and is 1/2 the magnitude of the bandgap of the nanotube.25 eV was calculated for the 1. and 5.5% Cu) catalyst.2-nm nanotube. NO. Metal/oxide catalysts were prepared using the co-precipitation technique.1216 IEEE TRANSACTIONS ON INDUSTRY APPLICATIONS.14 eV for the 0.5% Ni : 2. Once the catalysts were activated.5% : 2. SEPTEMBER/OCTOBER 2004 Hyperchem 5. and an MOE gap of 1. and a temperature of 425 C. Using the B3PW91 functional and the D95 basis set. The total energies of a neutral nanotube molecule and a 1 charge cation of the same molecule were calculated using the DFT procedure just described. (97.6-nm nanotubes. were prepared by mixing the metal powders. ) : Cu at 600 C and a pressure of 0. SEM images of carbon nanostructures obtained from ethylene: H (4 : 1) on a Ni : Cu (97. The ionization energy was then obtained by subtracting the total energy of the neutral nanotube molecule from the energy of the 1 charge nanotube cation. The ionization potential and work functions of the nanotubes were determined by applying the following procedures. and the D95 [14] basis set.2-nm-diameter nanotube. and reaction temperature. The HOMO and LUMO energies of the simulated nanotubes were obtained from DFT SCF-MO calculations performed on neutral charge nanotube molecules. but it was activated in a hydrogen stream at flow rate of 50 mL/min and a temperature of 415 C. Gaussian 98 [11] was then used to perform Density Functional Theory (DFT) self-consistent field molecular orbital (SCF-MO) single-point energy calculations on the structurally optimized nanotubes. 40. starting from solutions of methane nitrates or metal mixtures (with and without metallic support) mixed in required mole ratios. A number of different CVD methods were tested and the results were previously reported [16]. and 0. After precipitation with sodium carbonate.5% Cu) catalyst. The MOE gap of a molecule is simply the relative difference in energy between the lowest unoccupied molecular orbital (LUMO) and the highest occupied molecular orbital (HOMO). The first method uses an ethylene to hydrogen ration of 4 : 1. filtered. 1.5%) catalyst.73 eV was calculated for the 0.01 [10] molecular modeling software was used to construct metallic carbon single-wall nanotubes (SWNTs) and perform MM+ (Molecular Mechanics) geometry optimization on the systems. The most important parameters are the type of catalyst metal used. The SEM pictures of those nanotubes are shown in Fig. Using these values and the previously reported ionization potentials.5 nm in length. The second method used the same catalyst. the ionization potentials were calculated to be 5. VOL. The third method used a Ni : Cu (97. EXPERIMENTAL GROWTH OF CARBON NANOTUBES The method employed to grow carbon nanotubes was chemical vapor deposition (CVD). The scanning electron microscope (SEM) pictures of the carbon nanostructures growth by this method are shown in Fig. Only Ni : Cu catalysts TABLE I EXTERNAL DIAMETER OF THE CARBON NANOTUBES DIFFERENT METHODS GENERATED BY Fig. These conditions favor the formation of metal particles with diameters in the range of a few dozen nanometers and avoid sintering [15].6-nm nanotube. This catalyst was activated in a gas stream of He with 6% H at a flow rate of 50 ml/min.275 eV was eV was calculated for the 0.5% Ni : 2. the precipitate was washed.3 (3. Bandgap is a term that is used when describing solid-state materials. Calculations were carried out using the Becke 3 parameter hybrid functional [12] with Perdew and Wang’s 1991 nonlocal. 5. The two tubes that were constructed were approximately 0. Because of its high efficiency it provides control over the nature and efficiency of different reaction products formed through varying parameters. Fig.25 bars on an Ni (1.18 eV for the 1. 3 shows the nanotubes created using this method. 2. gradient-corrected correlation expression [13]. Four different experimental methods are discussed in this paper and the diameters of the nanotubes they produce are shown in Table I.2-nm nanotube.8m g). the hydrocarbons or a mixture of hydrocarbons were introduced in the reactor in order to allow catalytic decomposition to occur. where III. The were calculated from work functions of the nanotubes the solid-state semiconductor theory equation (1) is the ionization potential of the nanotube. dried at 105 C and finally calcined at 300 C–400 C. which was obtained by the co-precipitation method. and calculated for the 1. The activation of the catalysts was achieved in situ inside a reactor (made of quartz with a diameter of 30 mm and a length of 80 cm) in a hydrogen stream at a flow of 20 ml/min and a temperature of 400 C. a work function of 4. Since the carbon nanotubes are molecules.6-nm-diameter nanotube. 1. activated in He : 6% H .6 and 1.2 nm in diameter. the term molecular orbital energy (MOE) gap will be used. The catalyst was activated in a gas stream of He with 6% H at a flow rate of 50 mL/min. the feedstock hydrocarbon type. and a temperature of 425 C. An MOE gap of 1. . flow and gas pressure.

Fig. IV.5%) catalyst obtained by coprecipitation and activated in H . Fig. However.5% : 2. 3. 4 shows the carbon nanostructures produced by this method. Therefore. and are similar to those calculated by Zhao and co-workers for metallic single-walled nanotubes with diameters ranging from 5. SEM images of carbon nanostructures obtained from ethylene: H (4 : 1) on a N i: Cu (97. 2. acknowledged that Kohn Sham energies generally underestimate actual bandgap values. with the conductivity increasing (slightly) with increasing length to a constant value. which show (as our calculations show) that bandgap decreases when a nanotube’s diameter increases. 4. which tends to further deepen the HOMO energy levels through increased electron repulsion forces. CONCLUSION Theoretical calculations were used to demonstrate the relationship between the size (diameter) and electronic properties of metallic SW-CNTs.5% : 2.5%) catalyst obtained by coprecipitation and activated in He : 6% H . who used a local density approximation (LDA) generalized gradient approximation (GGA) technique to calculate Kohn Sham bandgap energies for SW-CNTs [18]. work function. The electronic trends predicted by these simulated tubes are expected to be analogous in much larger tubes. The calculated bandgaps are somewhat higher than those calculated by Ito and co-workers. Important electronic properties such as bandgap.: ELECTRONIC PROPERTIES OF SINGLE-WALL CARBON NANOTUBES AND THEIR DEPENDENCE ON SYNTHETIC METHODS 1217 correlation between the diameter of the nanotubes and their electric and electronic properties. after which it does not further increase no matter how long a nanotube is. is the increase in the nanotube’s molecular orbital energy gap (bandgap).3–4. activated in H . Fig. Our calculations also show that a decrease in the diameter of the simulated SW-CNT caused a substantial decrease in the work function eV eV and nm nm a slight.7 to 16. The increase in the energy gap between the HOMOs and LUMOs (analogous to nonconductive and conductive bands in solid state semiconductors) of the smaller diameter nanotube suggests a disruption in the conductive orbital state. we would not expect changes to the diameters of larger nanotubes to have such a pronounced effect on their work functions and bandgaps because the orbital steric encumbrances introduced by small diameter geometries will not exist in those tubes.5% : 2. the fourth method employed the same catalyst as the third method. almost negligible decrease in its ionization potential ( eV vs. thin metallic multiwalled nanotubes (4. A possible reason for the substantial decrease in the work function of the smaller diameter simulated nanotube. Fig. In a different study that we will later communicate. it is possible to use CVD process of different hydrocarbons and on different catalysts to control the nanotubes diameter and. such as the ones we are currently producing. Finally. The diameter values in Table I were estimated from several experimental measurements including SEM and TEM. SEM images of carbon nanostructures obtained from ethylene: H (4 : 1) on a Ni : Cu (97. Table I illustrates how fabrication methods can be used to control the diameter of carbon nanotubes. their work function and ionization potential values. Ito et al. and ionization potential were investigated. This is most likely due to an orbital steric constriction created by the smaller geometry. but it was activated in a hydrogen stream at flow rate of 50 mL/min and a temperature of 415 C. 2. the length of a synthesized carbon nanotube is not dependent on the Fig.SEM images of carbon nanostructures obtained from ethylene: H (4 : 1) on a Ni : Cu (97. Our calculated bandgap values correlate well with experimental values published in 2003 [17]. given the . However. eV). These calcunm nm lated work function values correlate very well with those measured by Shiraishi and co-workers using ultraviolet photoelectron spectroscopy (UPS) for small. In general. calculations will show there is a direct relationship between the conductivity and length of a metallic SW-CNT.5%) catalyst.BUZATU et al. in comparison to the bigger diameter tube. therefore. It is important to point out that length also has an important effect on a nanotube’s conductivity.8 eV) [8].5 [19].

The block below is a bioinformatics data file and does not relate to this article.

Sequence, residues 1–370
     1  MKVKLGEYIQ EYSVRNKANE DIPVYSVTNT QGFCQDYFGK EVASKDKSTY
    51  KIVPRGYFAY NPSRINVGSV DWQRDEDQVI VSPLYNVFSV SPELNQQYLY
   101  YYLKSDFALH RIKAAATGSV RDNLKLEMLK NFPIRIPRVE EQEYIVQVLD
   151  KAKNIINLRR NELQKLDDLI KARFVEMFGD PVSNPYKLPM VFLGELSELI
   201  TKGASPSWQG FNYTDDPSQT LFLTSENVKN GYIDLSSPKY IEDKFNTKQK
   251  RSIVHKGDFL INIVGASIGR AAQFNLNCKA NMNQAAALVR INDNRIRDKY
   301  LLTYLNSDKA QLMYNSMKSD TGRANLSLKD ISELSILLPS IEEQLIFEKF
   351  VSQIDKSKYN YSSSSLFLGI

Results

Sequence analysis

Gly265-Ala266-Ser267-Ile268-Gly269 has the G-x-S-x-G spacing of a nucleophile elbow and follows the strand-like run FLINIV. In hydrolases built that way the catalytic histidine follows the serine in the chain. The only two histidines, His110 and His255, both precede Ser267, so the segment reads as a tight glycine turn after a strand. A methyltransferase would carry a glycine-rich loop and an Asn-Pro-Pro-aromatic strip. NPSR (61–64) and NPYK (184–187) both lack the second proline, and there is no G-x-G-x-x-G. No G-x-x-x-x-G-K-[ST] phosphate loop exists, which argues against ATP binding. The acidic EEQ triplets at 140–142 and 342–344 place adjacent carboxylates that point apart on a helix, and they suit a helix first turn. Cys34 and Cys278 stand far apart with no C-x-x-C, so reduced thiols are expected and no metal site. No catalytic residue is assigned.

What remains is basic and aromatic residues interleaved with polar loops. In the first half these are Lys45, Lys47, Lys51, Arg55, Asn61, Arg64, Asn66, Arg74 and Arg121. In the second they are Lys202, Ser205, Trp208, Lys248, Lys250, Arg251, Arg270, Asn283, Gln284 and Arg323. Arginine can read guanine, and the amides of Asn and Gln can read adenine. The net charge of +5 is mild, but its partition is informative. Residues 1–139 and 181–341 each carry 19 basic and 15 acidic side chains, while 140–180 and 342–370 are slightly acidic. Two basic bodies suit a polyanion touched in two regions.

Lupsa. B. U. Lupu. Cluj Napoca. M. J. M. He has been involved in nanotechnology since 1998. M. Saito. “Purification and size-selection of carbon nanotubes. M. Misan. J. B. W. C. M. Rev. M. and P. pp. [14] T. 40. degree.” Adv. D. J. from the University of Cluj Napoca. S. Stefanov.. A.” Nanotechnol. [5] J. Canada. M. 827. Peng. and N. “AFM manipulation of carbon nanotubes: realization of ultra-fine electrodes. C. vol. He was a Research Scientist at the National Center for Isotopic and Molecular Technologies. 3. Duschl.” Scientif. P. G. U. W. 65. G. A. work function. M. who is currently developing and testing spectral-based methods for rapid detection of biological pathogens and hoax materials. [17] C. C.-M. pp. A. 1. Andres. K. and M. L. ON. Hay. in 1997. 69. degree in materials science/applied engineering from the University of Arkansas. Nanayakkara. I. Scuseria. Pomelli. He is an FDA Staff Research Chemist at the FDA National Center for Toxicological Research (NCTR). and P. Pittsburgh. T. Little Rock. J. vol. B. Malick. T. he started a research program for the synthesis of carbon nanostructures and their interaction with hydrogen. J. R. Replogle. L. Johnson. pp. J. 2000. vol. J. 1976. LA. pp. V. M.” J. J. 3. Challacombe. vol.. Rev. [13] J. Legagneux. C. E. He is the author of numerous articles and several book chapters on computational nanoscale molecular electronics. H. Hoboken. Turpin. and has been involved extensively in predictive computational work on carbon nanotubes and nanostructures since 2000. [10] “HyperChem 5. pp. R. R. degree in physics and the M. O. Wang. D. A. 9. B. A. B. Alexandru Radu Biris received the B. Ito. Inc. Particulate Sci. since 1974. Pribat. Morokuma. pp. 5648. we strongly believe the calculations demonstrate an extremely useful and important predictive power in nanoscale electronics. “Density-functional thermochemistry. I.S. Cluj Napoca. Phys. 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Dr. Darsey has organized numerous sessions at national and international meetings.D. Little Rock. Several years ago. degree in instrumental sciences from the University of Arkansas. the influence of substitutions on thermodynamic and kinetic properties of hydrogen absorbing inter-metallics. and Informatics. as a faculty member in 1971. FL. U. 1st ed. including the 6th World Multiconference on Systemics. and novel alloys for use as hydride electrodes in Ni/MH batteries. Switzerland. Malay K. His work has been cited in six books. He is currently a Professor in the Department of Chemistry. . He is the author of more than 50 journal manuscripts and gave the 1992 invited lecture at the International Symposium of Hydrogen in Metals. Jerry Anthony Darsey received the Ph. and served as the Director of the Graduate Institute of Technology until 1988. Mazumder serves as a Chief Co-Editor of Particulate Science and Technology: An International Journal. patent of the E-SPART Analyzer.: ELECTRONIC PROPERTIES OF SINGLE-WALL CARBON NANOTUBES AND THEIR DEPENDENCE ON SYNTHETIC METHODS 1219 Dan Miron Lupu received the degree from the Department of Chemistry. Romania.). He also gave the Outstanding Research Presentation at the 17th Southwest Theoretical Chemistry Conference. He joined the Department of Electronics and Instrumentation (now known as the Applied Science Department) in the Graduate Institute of Technology. Cybernetics. in which he organized the session on recent developments in nanotechnology. medical aerosols. degree in physical chemistry from Louisiana State University. and international meetings. May 2001. he was the Chairman of the Department of Electronics and Instrumentation from 1981 to July 1990. His research accomplishments include the development and resulting U. working on hydrogen storage alloys. and electrostatic engineering. He was selected to be included in 2000 Eminent Scientist of Today (Cambridge. a laser-based research instrument unique in the field of aerosol science and powder technology. in June 2000. Romania. Additionally. CA. held in Uppsala. Prof. College Station. He was Chairman of the 1st Symposium on the Applications of Artificial Neural Networks and Other Artificial Intelligence Procedures to Chemical Systems at the national meeting of the American Physical Society. He is a Senior Distinguished Researcher and Head of the Department of Materials at the Romanian National Institute for R&D of Isotopic and Molecular Technologies. This work resulted in the first ever demonstration in the literature (2004) of a chemical vapor deposition/inductive heating technique being used for the synthesis of various carbon nanostructures. He is the author or coauthor of more than 90 publications. he also participated as a research guest at the Institute of Physics-University of Fribourg. Cluj-Napoca. in 1982. he was promoted to the rank of University Professor. Sweden. Mazumder received the Ph. He is the author of over 100 publications in the field of molecular modeling and has presented over 300 talks at regional.K. national. he and his co-workers started working on the synthesis of carbon nanostructures and determining their potential for hydrogen uptake. held in Orlando. Dr. Texas A&M University.S. He was promoted to the rank of Professor in 1981. University Babes-Bolyai. Lupu served as a Reviewer for the International Journal of Hydrogen Energy from 1980 to 2004. Cluj-Napoca. University of Arkansas. He has devoted most of his career of more than 30 years to hydrogen storage. He is also currently serving as the Commissioner of the Arkansas Martin Luther King Commission. He received the University of Arkansas at Little Rock’s 1988 R&D Award. His research interests include particle and powder technology. San Jose. University of Arkansas at Little Rock.BUZATU et al.D. In 1991.: International Biographical Centre.